N-Bromosuccinimide-Dimethyl Sulfide1

(NBS)

[128-08-5]  · C4H4BrNO2  · N-Bromosuccinimide-Dimethyl Sulfide  · (MW 177.99) (DMS)

[75-18-3]  · C2H6S  · N-Bromosuccinimide-Dimethyl Sulfide  · (MW 62.13)

(converts allylic and benzylic alcohols to bromides under neutral conditions;1 slowly converts primary alcohols to bromides;1 oxidizes primary and secondary alcohols to aldehydes or ketones2)

Alternate Name: NBS-DMS.

Physical Data: reagent is formed in situ. See entries for N-Bromosuccinimide and Dimethyl Sulfide.

Solubility: sol methylene chloride, carbon tetrachloride, toluene.

Preparative Method: freshly prepared by dissolving N-bromosuccinimide (5.4 g, 30 mmol) in methylene chloride (100 mL) at 0 °C under argon and slowly adding excess dimethyl sulfide (2.23 g, 36 mmol). Stir the resultant yellow slurry for 1 h at 0 °C before use.3 Oxidation and bromide replacement reactions are typically carried out between -25 and 0 °C in methylene chloride.

Handling, Storage, and Precautions: use protective clothing; use in a fume hood.

Conversion of Alcohols to Bromides.

The principal use for NBS-DMS is to convert allylic and benzylic alcohols to allylic and benzylic bromides (see N-Chlorosuccinimide-Dimethyl Sulfide (NCS-DMS)). Eqs 1-31,3,4 illustrate typical replacements of the hydroxy group of a primary allylic alcohol without rearrangement. This reaction is a much milder way of introducing bromide than the standard Phosphorus(III) Bromide reaction, which is incompatible with acid-sensitive functionalities because it generates HBr. In some cases, secondary allylic alcohols (eqs 4 and 5) tend to undergo an SN2 displacement of the allylic alcohol and rearrange to the primary allylic bromides. In these examples5,6 bearing a sulfoxide or sulfone, the rearrangements proceed with high (E) selectivity.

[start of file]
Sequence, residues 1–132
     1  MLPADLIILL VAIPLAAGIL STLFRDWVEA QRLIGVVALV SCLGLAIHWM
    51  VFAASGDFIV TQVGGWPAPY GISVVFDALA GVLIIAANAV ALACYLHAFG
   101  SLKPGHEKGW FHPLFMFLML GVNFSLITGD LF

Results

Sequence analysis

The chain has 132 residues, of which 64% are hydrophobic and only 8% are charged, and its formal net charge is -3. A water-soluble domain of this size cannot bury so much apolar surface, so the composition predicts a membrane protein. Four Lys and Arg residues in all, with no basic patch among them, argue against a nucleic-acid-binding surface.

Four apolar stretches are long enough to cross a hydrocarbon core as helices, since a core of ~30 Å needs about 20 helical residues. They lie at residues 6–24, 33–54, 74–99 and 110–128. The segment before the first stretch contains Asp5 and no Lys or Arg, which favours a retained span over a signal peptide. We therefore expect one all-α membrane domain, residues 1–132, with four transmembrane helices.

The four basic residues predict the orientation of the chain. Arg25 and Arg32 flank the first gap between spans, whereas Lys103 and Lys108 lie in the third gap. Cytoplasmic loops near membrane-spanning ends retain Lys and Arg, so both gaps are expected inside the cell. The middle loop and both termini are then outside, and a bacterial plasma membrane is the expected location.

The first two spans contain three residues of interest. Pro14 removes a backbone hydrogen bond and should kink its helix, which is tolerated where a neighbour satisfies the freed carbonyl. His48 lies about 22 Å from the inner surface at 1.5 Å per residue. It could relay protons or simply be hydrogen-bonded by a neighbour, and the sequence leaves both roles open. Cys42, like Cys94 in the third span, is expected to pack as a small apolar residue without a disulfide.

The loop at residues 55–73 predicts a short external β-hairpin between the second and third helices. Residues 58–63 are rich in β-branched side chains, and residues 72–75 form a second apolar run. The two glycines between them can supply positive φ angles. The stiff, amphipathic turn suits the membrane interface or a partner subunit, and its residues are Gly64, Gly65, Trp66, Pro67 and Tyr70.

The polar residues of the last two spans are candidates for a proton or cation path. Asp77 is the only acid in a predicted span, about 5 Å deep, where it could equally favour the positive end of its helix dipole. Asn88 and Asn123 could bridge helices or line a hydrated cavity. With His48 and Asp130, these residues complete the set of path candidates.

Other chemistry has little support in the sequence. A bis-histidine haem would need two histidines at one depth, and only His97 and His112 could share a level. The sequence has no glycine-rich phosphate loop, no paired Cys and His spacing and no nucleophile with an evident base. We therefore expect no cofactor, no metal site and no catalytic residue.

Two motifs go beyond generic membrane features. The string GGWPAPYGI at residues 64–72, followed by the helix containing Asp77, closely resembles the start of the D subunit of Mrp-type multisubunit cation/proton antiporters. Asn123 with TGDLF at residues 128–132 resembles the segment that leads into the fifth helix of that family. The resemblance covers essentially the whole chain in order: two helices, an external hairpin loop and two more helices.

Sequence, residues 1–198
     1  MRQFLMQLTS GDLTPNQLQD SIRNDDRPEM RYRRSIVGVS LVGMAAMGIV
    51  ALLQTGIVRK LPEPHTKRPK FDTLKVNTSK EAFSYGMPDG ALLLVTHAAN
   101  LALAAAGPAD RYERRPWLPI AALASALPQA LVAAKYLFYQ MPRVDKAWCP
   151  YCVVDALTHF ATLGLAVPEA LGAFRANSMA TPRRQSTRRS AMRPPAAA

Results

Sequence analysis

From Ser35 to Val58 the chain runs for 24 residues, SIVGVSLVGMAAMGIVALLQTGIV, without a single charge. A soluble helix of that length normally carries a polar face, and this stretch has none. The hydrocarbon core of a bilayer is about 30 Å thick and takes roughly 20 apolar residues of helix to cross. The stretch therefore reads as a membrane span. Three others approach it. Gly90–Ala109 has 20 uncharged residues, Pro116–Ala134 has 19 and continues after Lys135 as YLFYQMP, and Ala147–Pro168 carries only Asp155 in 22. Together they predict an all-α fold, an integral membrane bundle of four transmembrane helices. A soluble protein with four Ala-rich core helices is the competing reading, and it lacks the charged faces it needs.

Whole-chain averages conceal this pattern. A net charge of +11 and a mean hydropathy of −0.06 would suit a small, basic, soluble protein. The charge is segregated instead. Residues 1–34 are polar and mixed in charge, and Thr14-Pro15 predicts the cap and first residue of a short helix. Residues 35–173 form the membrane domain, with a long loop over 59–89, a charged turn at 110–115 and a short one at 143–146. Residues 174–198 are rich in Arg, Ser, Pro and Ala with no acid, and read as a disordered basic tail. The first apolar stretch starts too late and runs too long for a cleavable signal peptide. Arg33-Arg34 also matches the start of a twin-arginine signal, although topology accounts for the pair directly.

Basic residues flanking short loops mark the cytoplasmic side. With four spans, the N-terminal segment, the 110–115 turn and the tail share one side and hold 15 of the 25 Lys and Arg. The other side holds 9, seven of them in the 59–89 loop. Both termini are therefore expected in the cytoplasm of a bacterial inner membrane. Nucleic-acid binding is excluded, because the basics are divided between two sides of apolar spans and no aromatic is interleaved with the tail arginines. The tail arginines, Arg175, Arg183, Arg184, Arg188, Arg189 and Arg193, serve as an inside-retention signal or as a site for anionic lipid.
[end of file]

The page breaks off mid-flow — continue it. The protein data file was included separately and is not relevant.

NBS-DMS is also a mild and practical reagent for synthesizing benzylic bromides from benzylic alcohols. As in the case of allylic alcohols, it is superior to PBr3 when sensitive functionality is involved because no HBr is produced. Reactions of NBS-DMS proceed rapidly in high yield and high purity (eq 6).7

NBS-DMS is also capable of converting alkyl alcohols to bromides in reasonable yields. Eq 7 shows an example of this type of conversion that occurs at 20 °C in 36 h1 (see also Carbon Tetrabromide and Triphenylphosphine Dibromide).

Oxidation of Primary and Secondary Alcohols.

Oxidations using NBS-DMS are part of a larger family of sulfonium ion-type oxidations (see also Dimethyl Sulfoxide-Oxalyl Chloride and Dimethyl Sulfide-Chlorine), and are carried out in a similar manner to the NCS-DMS oxidation.8 The reactions take place in 2 h at temperatures between 0 °C and -78 °C. The sulfoxonium ion intermediate is decomposed with Triethylamine to generate the carbonyl compound (eqs 8 and 9), as with NCS-DMS. This reagent is not useful for oxidizing allylic or benzylic alcohols because of the bromide replacement reaction described above.2


1. Corey, E. J.; Kim, C. U.; Takeda, M. TL 1972, 4339.
2. Kim, K. S.; Baik, W. P.; Hahn, C. S. Bull. Korean Chem. Soc. 1984, 5, 204.
3. Bhatnagar, S. C.; Caruso, A. J.; Polonsky, J. T 1987, 43, 3471.
4. Murphy, J. A.; Patterson, C. W. JCS(P1) 1993, 405.
5. Auvray, P.; Knochel, P.; Normant, J. F. T 1988, 44, 6095.
6. Bonfand, E.; Gosselin, P.; Maignan, C. TA 1993, 4, 1667.
7. Gervais, C.; Anker, D.; Chareire, M.; Pacheco, H. BSF(2) 1979, 241.
8. Corey, E. J.; Kim, C. U. JACS 1972, 94, 7586.

William V. Murray

The R. W. Johnson Pharmaceutical Research Institute, Raritan, NJ, USA



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